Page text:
Newspaper Page Text
THE SCRANTON TBIBTOE SATURDAY MORNING, OCTOBER 17, 1896.
t THE HARA-KIRK
a By H. WORTHINON PAGE, H. D.
X Copyright, imty Ba
' PAKT I.
Colonel Davidson was dying. Th oifl
traveler who bore the scars Ot rf'Mliy
thrllllnR adventures, whose iron contti.
tution hail stood by him during hia
yearn of travel In far-off cllmes-"T('4a
ut last called upon to meet the lnevU.
rule. As the gray head rolled r6t
lessly to and fro on the white pl'l()v
the doctor and Mr. Warner, the
cnel's old lawyer andl ife-lons freJid,
stood sadly by and ministered to the
uunta of the sufferer, until, as the "rst
l'utnt glimmer of dawn came thr"1
he open window, the soul of th" itj.
alld took Its tlight.
Colonel Davidson was a ttachioj..
During his many years of travel 10
had picked up here and there odd cUr
Ins, until his big, rambling; house s
tilled with an interesting collection tri&.t
was a never-failing source of eP'ftf.
talnment to his friends. Less thai1 nn
hour before the colonel died he ope1td
Ms eyes and turning toward the tid
lawyer, said with difficulty: "W
nfter I'm gone I want you to see hat
the doctor gets that sword of m'lv
He raised his hand and pointed to nn
odd-looking weapon that hung over te
mantel. "Jt's a Japanese affair,' he
continued, feebly, "nnd I've al'fty
prized it because of its Interesting "-Is.
tory. You'll find the story of it arrtrig
my papers, and don't fall to give 'hat
to the doctor with the sword."
About a week after the colonel' fu
neral the doctor received the si'r(j
It was securely wrapped, and witb. l
wns this note from Mr. Warner:
"My Dear Doctor: I send you tl(0
sword. The history does not accojj
prny it because I have not yet fouPd. jj
among the colonel's papers. It Vn
doubtless come to light soon and I
mail it to you at once. Sincerely 'oltfa
"Charles Alfred Warner.'' '
The doctor undid the wrappings a.
examined the weapon curiously, toP
although he had often noticed it hanJ
lng over the mantel of the colonel's bn
room, he had never before had oppor
tunity to examine it closely. He not'oj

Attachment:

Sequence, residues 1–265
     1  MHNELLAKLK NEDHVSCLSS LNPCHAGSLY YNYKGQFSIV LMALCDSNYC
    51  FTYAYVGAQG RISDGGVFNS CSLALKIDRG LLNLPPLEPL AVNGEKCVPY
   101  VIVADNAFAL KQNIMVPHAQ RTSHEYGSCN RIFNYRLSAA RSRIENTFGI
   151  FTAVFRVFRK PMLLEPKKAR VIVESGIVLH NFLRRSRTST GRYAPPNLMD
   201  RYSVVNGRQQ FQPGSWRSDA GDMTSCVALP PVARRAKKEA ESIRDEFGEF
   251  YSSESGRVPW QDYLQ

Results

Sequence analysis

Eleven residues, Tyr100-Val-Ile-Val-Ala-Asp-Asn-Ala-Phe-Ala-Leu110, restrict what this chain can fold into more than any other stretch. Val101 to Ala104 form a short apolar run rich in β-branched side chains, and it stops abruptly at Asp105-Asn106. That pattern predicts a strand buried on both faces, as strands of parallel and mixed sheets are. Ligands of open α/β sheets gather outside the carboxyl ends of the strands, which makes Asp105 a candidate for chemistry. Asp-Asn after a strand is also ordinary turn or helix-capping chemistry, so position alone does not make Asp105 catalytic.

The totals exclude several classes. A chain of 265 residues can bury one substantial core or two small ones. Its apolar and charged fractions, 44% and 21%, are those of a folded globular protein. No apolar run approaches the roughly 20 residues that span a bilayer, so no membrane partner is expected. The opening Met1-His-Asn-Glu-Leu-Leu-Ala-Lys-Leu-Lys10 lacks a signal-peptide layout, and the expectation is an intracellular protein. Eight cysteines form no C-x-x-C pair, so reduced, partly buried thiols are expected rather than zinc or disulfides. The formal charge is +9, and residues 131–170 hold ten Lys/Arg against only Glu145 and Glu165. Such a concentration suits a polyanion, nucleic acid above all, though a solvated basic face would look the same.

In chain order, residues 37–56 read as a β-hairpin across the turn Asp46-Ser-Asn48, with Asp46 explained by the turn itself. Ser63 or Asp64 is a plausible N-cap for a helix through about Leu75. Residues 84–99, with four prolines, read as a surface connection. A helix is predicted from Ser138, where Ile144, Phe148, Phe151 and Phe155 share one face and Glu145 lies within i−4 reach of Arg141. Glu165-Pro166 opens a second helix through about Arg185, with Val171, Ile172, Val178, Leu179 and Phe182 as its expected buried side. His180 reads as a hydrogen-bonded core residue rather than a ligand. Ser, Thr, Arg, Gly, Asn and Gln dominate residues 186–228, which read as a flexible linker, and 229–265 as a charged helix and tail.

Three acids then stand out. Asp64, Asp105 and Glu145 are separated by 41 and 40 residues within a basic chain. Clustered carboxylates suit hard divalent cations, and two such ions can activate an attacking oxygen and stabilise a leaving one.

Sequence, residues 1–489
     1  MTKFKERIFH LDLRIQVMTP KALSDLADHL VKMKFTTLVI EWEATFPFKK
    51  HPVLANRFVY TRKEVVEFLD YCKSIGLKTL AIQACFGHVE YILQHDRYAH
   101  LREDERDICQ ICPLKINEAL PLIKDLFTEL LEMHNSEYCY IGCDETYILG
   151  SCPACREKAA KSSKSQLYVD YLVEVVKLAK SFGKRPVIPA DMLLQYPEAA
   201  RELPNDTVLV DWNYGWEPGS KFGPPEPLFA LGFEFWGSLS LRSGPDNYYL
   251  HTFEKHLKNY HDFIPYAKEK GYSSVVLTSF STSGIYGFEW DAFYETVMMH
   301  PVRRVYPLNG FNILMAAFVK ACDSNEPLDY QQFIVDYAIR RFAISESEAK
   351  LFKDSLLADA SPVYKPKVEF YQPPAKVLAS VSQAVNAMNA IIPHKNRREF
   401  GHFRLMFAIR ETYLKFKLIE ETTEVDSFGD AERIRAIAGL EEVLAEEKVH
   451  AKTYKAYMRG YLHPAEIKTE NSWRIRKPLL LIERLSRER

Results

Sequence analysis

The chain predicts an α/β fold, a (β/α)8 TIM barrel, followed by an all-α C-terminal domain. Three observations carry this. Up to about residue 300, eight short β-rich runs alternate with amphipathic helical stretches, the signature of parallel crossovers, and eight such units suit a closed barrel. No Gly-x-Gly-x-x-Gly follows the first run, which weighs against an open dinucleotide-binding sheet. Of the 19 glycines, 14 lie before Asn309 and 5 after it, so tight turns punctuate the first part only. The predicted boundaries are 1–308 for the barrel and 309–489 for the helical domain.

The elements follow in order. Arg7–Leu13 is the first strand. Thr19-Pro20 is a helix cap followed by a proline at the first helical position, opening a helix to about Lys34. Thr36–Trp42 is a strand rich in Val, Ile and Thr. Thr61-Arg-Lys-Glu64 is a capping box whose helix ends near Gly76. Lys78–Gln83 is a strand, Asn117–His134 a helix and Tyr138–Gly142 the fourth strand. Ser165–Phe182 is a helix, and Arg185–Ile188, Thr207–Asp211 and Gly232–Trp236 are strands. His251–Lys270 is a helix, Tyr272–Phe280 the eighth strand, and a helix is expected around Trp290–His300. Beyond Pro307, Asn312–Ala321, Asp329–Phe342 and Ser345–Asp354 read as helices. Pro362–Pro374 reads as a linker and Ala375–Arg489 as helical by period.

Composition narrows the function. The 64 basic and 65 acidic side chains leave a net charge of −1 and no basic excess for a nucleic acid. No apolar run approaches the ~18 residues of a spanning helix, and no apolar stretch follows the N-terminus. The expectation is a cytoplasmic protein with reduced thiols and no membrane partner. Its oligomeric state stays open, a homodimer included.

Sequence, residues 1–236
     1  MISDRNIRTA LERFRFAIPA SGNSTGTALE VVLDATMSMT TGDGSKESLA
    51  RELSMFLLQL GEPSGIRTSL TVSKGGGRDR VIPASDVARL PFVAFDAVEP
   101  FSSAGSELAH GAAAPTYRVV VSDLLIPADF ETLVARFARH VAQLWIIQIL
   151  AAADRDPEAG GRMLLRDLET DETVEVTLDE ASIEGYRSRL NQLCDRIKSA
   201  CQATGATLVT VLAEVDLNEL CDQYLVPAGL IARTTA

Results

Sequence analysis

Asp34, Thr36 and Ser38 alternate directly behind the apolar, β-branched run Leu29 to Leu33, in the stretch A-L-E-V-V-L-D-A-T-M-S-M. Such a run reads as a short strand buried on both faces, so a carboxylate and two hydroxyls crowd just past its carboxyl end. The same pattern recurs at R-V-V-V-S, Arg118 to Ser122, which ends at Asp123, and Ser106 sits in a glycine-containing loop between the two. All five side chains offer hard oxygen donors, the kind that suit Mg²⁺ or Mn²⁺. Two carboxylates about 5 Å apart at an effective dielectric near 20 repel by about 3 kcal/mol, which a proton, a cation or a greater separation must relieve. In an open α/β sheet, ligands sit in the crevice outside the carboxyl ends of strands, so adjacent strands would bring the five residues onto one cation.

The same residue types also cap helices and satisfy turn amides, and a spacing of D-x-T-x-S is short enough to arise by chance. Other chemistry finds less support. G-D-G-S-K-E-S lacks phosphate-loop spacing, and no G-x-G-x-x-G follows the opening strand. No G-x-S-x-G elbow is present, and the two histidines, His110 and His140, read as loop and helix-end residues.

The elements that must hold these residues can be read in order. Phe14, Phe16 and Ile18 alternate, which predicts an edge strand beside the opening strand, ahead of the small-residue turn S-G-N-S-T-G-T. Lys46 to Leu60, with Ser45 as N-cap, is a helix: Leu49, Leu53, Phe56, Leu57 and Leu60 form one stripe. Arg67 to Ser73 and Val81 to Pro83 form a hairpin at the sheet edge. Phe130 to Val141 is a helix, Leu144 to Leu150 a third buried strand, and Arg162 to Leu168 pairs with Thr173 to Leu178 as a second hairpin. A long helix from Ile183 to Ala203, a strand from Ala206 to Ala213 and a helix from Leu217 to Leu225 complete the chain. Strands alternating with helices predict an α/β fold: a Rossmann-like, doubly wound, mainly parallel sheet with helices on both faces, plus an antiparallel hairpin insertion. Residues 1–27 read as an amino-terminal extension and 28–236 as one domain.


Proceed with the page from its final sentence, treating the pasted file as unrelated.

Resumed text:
as he unrolled it from the paper th&t it
had a musty odor, pleasantly 8u?f?st
ive of antiquity and strange adventure.
It was an odd-looking old wefltio
about thirty Inches long. The Scai,.
bard was plain, of wood covered wtth
thick, black hide, and heavily tiPbed
with brass. The hilt was a clrcUar
piece of brass covered with Jap3neSl,
letters and designs. On one side of t)e
scabbard was a flllat projection Whlpjj
the doctor found to be the handle t a
narrow-bladed hara-kiri knife that Ht
ted Bnugly into a sheath made in t,e
side of tho scabbard. The blade of thg
knife was eight inches long, and So
much narrowed by repeated sharpen,
ings that some characters engraved on
tho blade had been partly ground ftwfty
Sllpplng the hara-kiri knife again "nd
its socket, the doctor drew the sWorti
from the scabbard.
It was an ugly-looking blade ab0jt
two feet long, perfectly plain, he&.yy
and thick, with its edge ground dotvi to
the pharpness of a razor. The hnQie
was of metal, closely inlaid with minit,
brts of colored sea shell and ingenlUa
ly wound with braided black silk, i" a,n
open work design showing the in'm j
Set firmly Into each side ot tb.e
handle was a small metal plate. 0ie
had letters engraven on It, the orlni
owner's name, the doctor thought
The engraving on the other side of
such peculiar design as to excite the
doctor's curiosity. In the center '"'sre
wavering flames of fire from the fHt
of which rose the ugly heads of flVe
serpents their fangs protruding ftiiM
their mouths. This scene had the Us
ing sun for its background.
"That's a suggestive design," thotifrnt
the doctor; "certainly must have b4n
very comfronting. I supose it'a the
owner's coat-of-arms. He must nve
been a regular old tippler to hft-ve
chosen snakes for his crest, Perh.1)a
he inherited them from a drunken
grandfather. I wish Mr. Warner W0b.1(j
hurry up with the pedigree. Je4n
tlme I'm going to get some of thi n
gravlng translated if I can."
"Bridget," he said, as that worthv
came in just then to fill the fil
lamp"do you know any Japfse
"Hiven'sakes, no!" ejaculated Pfi.
get, nearly dropping the lamp in her
astonishment at the question. 'J4p.
"ITS A' JAPANESE AFFAIR," h-pi
lnase mon lndade!" she sniffed, "nil
phwat wud I be wantin' of a Ja&lhee
mon? Shure an haven't I enough o do
wld looking afther the hathen & my
own country widout huntln' up li-'
chlls?" " M"
, "I know you have," replied the floe
tor, laughing. "It's not fop yot but
myself I wanted him. I thought voU
might know where I could And one,"
"lndade 01 do not," tald BrdSet
omewhat mollified, "or Japlnase 'wm,
in nather, unless It be Timmie woUd. AO
"Just the man!" exclaimed the doc
tor. "I wonder I did not think of htru
before. Say, Bridget, when you Hve
filled the lamp, will you go around th0
corner and ask Mr. Roberts If h Vlll
let Timme come to my office for fW
"Tls, sir 01 will," said Bridget, she
went out muttering to herself. i
Japlnase mon, lndade! Why, If Ol had
wan of thim Old" and words fa-Ulnst
to rise to the possibilities of the :Ca